The Lorelai Lessons

Coffee… chocolate…Mountain Dew…sex …drugs…alcohol…and now…Netflix streaming.  (An abbreviated list of addictions.)

On Netflix one can find a series that is compelling and binge watch all weekend.  You watch one episode, like it, and then you tell yourself, “Well. It’s not really a full hour long, so what harm can another episode do?”  Hours later, you realize you’ve watched a whole season, and you don’t even have the audacity to be embarrassed.  You simply want to start the second season.  Now.

Not me, of course.  I’m talking about other people.

“Gilmore Girls,” is an older series that I just discovered.  I use the episodes as a sliver of light in between a darker series I have been streaming and watching (in moderation, of course).

Lorelai drives me bonkers.  It’s absolutely ridiculous how she rambles a mile a minute, like a thirteen-year-old in a thirty-something body.  Her blatant disrespect of appropriate adult behavior leaves me chagrined.  And her eating habits.  Come ON, people!  Who actually eats a spread of marshmallows, Pop Tarts, doughnuts, etc., for almost every meal and whose skin stays glowing, body trim and energy level up?  No one.  And cut your parents some slack for gawd’s sake, Lorelai.  Yes, they can be manipulative, but they care and they are trying and you need to give the defensive posture you always assume a break from the Friday night meals.

I love Lorelai.  She is enormously flawed with a fragile heart of pure gold.  She has taught me a lot about how to get along in life and with other people who drive me bonkers.  Here are the Lorelai Lessons on Life I have learned (I suspect Lorelai would have loved the alliteration there…anywho…):

  1. Make the most out of the moment, and have fun for once.

I am decidedly too serious…about everything.  So what if I make a mistake?  So what if you make a mistake?  Isn’t life supposed to be messy?  Lighten up, people.

  1. Rituals make the good life.

Albeit a trifle overdone in the series, Lorelai is spot on about the importance of rituals and habits of fun to mark the day…a holiday or any old day, doesn’t matter.  We are all creatures of habit, and we are glorious when we actively seek to change unconscious habits into conscious rituals.  It enriches life like nothing else can or does.  Way to go, Lorelai.  Now pass the pizza and start the movie.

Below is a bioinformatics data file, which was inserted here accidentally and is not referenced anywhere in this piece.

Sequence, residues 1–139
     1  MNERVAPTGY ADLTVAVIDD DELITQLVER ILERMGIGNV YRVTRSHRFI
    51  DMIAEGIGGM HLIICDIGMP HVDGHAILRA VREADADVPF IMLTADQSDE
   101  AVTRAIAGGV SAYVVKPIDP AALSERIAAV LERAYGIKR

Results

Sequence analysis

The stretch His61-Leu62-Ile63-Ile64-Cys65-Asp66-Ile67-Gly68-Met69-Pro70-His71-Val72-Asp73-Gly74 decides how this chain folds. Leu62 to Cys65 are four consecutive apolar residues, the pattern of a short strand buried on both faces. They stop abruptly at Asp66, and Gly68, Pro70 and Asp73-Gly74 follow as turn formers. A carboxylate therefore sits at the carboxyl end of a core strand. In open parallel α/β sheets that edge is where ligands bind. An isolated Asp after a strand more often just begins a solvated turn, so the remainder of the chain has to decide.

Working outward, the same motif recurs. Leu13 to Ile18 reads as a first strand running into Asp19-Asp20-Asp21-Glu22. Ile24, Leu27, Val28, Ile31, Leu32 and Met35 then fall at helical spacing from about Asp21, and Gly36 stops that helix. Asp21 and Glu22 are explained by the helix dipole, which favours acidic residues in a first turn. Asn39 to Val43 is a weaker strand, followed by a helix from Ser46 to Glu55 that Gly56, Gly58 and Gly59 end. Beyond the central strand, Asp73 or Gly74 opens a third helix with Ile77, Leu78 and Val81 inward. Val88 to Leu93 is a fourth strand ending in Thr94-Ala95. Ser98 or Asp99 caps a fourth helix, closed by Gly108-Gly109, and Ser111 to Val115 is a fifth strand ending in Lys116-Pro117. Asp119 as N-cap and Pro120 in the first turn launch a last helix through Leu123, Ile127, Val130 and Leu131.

1. Let people be who they are.

This is the hardest part.  I want to ring Taylor’s neck for being so narcissistically suffocating.  Put a hand over Babette’s loud mouth (though Sally Struthers has me in stiches with how well she plays that character).  Kirk should be put in a corner for time out, like all misbehaved and lost children. Emily needs to be told off on a regular basis.  Luke disappointed me so I would have stopped going to his café, and quite frankly, I do not see Christopher’s appeal at all.  But after allowing people to be who they are…I’d visit Taylor’s sweet shop every week, just for the lovely nostalgic ambiance.  He was right about that, and his town festivals are so frickin’ charming.  I would want Babette as a friend because her loyalty is unquestionable.  Kirk has more to him than meets the eye. I’d cut him some slack, too.  Emily has a good heart, just a little constricted.  I’d get her tipsy when she wasn’t looking, about every other week.  With that quick mind of hers, I bet she would be hilarious.  I may not go to Luke’s café as much, but I’d go to him with a problem knowing he’d have a solution.  Christopher will grow up some day and for now, I’ll let him be in peace.  And so on.  People are quirky and flawed and hard to take sometimes…but isn’t the human character and spirit fascinating?  Isn’t it remarkable how decency is not dependent on logic or predictability, or even maturity?  Isn’t life RICH because of people!?!

But most important to remember, and this is what I owe Lorelai the most for…is that flaws make us human and therefore… actually…loveable.

Most of humanity IS well-intentioned, striving to be better than any flaw.  Our flaws do not need to trip us up, embarrass us or make us regret being alive.  They can be embraced and accepted, loved and shared at whatever stage they are in.  We can do the same with any “flaws” of our family, friends and neighbors.

In fact…thanks to Lorelai, I have come to view perfection not as an honorable goal to always strive for, but as an asinine, boring and ludicrous illusion.  It is the flawed human that melts my heart – and knees – leaving me feeling like I belong and deserve love, too.

Whodathunkit?

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